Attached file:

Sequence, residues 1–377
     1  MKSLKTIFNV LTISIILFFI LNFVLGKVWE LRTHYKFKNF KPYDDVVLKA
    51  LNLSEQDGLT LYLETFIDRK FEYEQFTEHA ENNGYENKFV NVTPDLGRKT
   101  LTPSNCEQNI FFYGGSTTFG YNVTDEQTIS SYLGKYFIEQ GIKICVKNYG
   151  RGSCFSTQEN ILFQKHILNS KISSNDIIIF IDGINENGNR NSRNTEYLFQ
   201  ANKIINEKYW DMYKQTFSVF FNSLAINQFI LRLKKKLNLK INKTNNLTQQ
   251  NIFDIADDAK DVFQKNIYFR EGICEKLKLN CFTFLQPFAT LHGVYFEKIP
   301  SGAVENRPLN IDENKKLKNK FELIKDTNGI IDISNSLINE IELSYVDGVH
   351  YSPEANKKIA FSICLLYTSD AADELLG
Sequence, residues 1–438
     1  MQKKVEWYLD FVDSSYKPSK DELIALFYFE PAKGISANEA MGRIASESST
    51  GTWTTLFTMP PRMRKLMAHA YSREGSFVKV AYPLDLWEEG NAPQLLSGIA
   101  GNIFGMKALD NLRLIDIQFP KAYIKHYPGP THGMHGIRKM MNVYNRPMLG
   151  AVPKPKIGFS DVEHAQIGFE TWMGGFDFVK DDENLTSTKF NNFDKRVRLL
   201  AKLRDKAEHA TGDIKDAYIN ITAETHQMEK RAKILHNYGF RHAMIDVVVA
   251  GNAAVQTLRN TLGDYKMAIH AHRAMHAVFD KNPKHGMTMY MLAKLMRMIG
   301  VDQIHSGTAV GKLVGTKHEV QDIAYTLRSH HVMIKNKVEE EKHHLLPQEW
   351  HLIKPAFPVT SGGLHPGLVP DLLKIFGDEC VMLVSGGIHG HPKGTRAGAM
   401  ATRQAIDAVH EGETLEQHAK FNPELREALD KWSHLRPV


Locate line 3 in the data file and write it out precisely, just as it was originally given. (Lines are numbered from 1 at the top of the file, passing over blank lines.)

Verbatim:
    51  LNLSEQDGLT LYLETFIDRK FEYEQFTEHA ENNGYENKFV NVTPDLGRKT